Goal 8: Decent work and economic growth
According to the UN, about half of the world’s population lives on about USD 2 per day, with a global unemployment rate of 5.7 per cent. Promoting sustained, inclusive and sustainable economic growth, full and productive employment and decent work for all will be ensured by building up a sustainable economy to guarantee social prosperity in which all participate.
Goal 9: Industry, innovation and infrastructure
This Sustainable Development Goal serves to promote sustainable and resilient infrastructures. It requires that industries establish environmentally sound processes, use resources efficiently and in cycles and use or develop clean technologies themselves.
Goal 10: Reduced inequalities
The tenth goal is intended to help make participation in prosperity and the distribution of income more equitable. Inequalities will be reduced by defining measures that take into account the needs of disadvantaged and marginalised population groups. Inequalities and large disparities in access to health, education and other goods must be minimised.
Goal 11: Sustainable cities and communities
Two billion people around the world have no access to waste disposal. The agenda therefore also contains making cities and human settlements inclusive, safe, resilient and sustainable as a Sustainable Development Goal.
Goal 12: Responsible consumption and production
This Sustainable Development Goal focuses on sustainable consumption and production patterns. It aims to ensure the promotion of resource and energy efficiency, the provision of sustainable infrastructure and access to basic services. In addition, a better quality of life will be achieved by offering green and decent jobs.
Goal 13: Climate action
Taking urgent action to combat climate change and its negative impacts is another UN goal. This includes mitigating greenhouse gas emissions, educating people and raising their awareness of the issue and creating capacity to adapt to the impact of climate change.
Goal 14: Life below water
Seventeen per cent of waters within national jurisdictions are now protected according to the UN – more than twice as many as in 2010. The 14th Sustainable Development Goal is to conserve and sustainably use the oceans, seas and marine resources for sustainable development.
Goal 15: Life on land
Protect, restore and promote the sustainable use of terrestrial ecosystems, sustainably manage forests, combat desertification, halt and reverse soil degradation and halt biodiversity loss – the 15th Sustainable Development Goal aims to achieve the comprehensive protection, restoration and sustainable use of ecosystems at national and international levels.
Goal 16: Peace, justice and strong institutions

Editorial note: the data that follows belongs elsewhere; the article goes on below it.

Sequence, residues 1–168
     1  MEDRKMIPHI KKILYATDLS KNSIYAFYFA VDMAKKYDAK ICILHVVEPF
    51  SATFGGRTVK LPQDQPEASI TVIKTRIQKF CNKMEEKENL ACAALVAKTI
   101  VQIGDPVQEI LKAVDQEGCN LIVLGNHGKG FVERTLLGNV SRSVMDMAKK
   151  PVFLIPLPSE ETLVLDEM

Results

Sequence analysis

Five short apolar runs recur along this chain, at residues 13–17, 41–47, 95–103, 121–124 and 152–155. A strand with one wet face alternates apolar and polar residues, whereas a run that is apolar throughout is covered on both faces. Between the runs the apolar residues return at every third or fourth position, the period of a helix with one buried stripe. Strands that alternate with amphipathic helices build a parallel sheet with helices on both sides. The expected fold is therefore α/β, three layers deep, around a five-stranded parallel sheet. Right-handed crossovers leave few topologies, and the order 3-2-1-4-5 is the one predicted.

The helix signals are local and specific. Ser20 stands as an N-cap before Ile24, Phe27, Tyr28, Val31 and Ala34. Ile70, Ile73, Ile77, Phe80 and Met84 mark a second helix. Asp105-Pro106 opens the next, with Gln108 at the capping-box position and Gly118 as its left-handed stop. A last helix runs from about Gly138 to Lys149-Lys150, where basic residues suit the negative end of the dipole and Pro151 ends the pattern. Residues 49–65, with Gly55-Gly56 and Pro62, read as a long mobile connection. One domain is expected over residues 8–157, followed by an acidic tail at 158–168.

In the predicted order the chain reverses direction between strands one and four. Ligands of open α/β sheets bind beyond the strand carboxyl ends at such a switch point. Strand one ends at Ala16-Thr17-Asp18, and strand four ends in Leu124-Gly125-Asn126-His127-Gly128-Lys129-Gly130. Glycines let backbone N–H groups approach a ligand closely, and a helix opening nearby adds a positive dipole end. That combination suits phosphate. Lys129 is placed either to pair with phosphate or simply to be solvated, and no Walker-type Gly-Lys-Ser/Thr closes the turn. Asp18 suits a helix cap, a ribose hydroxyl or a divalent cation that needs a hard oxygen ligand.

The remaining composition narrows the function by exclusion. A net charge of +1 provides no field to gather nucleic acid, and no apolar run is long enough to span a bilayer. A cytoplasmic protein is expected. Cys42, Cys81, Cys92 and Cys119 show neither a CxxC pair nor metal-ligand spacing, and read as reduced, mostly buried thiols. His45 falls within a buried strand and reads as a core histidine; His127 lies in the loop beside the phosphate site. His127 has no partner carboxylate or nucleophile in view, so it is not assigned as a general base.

The foundations of the 16th Sustainable Development Goal are to promote peaceful and inclusive societies for sustainable development, provide access to justice for all and build effective, accountable and inclusive institutions at all levels. One indicator for this is the number of identified victims of exploitation: 70 per cent of those affected worldwide are women and girls, and most are victims of sexual exploitation.
Goal 17: Partnerships for the goals
This Sustainable Development Goal focuses on cooperation between states. A successful Sustainable Development Agenda requires partnerships between governments, the private sector and civil society. This goal is intended to create the common conditions needed for this.
Sustainability at national level
Translating global goals into national laws and guidelines forms the basis for successful implementation and places equal responsibility on politics, business, science, companies and civil society. The German government defines the path to a sustainable society as a ‘future contract of the world community for the 21st century’ and formulates concrete targets and measures for each of the 17 goals within the framework of the German Sustainability Strategy (Deutsche Nachhaltigkeitsstrategie, DNS), which ensure a review and measure progress.
Ending extreme poverty, fighting inequalities and injustices, stopping climate change, promoting biodiversity and much more – the Sustainable Development Goals are as wide ranging as their implementation is challenging. As heroic as it may sound, the need for action is not driven by purely altruistic motives. Protecting the ecological basis of life and eliminating global imbalances are in our own interest and form the prerequisite for long-term social stability, ecological rationality and economic prosperity. If we do not fulfil this prerequisite, the foundations for society as a whole to participate in economic prosperity, social progress and cultural development will not be secured in the long term. Sustainability elements will also increasingly come into focus in the economy and at company level. New business models with attractive growth and earnings potential as well as changing market and customer requirements will accelerate this trend. Tighter regulatory measures such as the EU taxonomy, as well as national regulations and legislation, are also exacerbating this catalyst.
I will of course keep a curious eye on how these issues are reflected in the banking world and keep you updated. Stay tuned!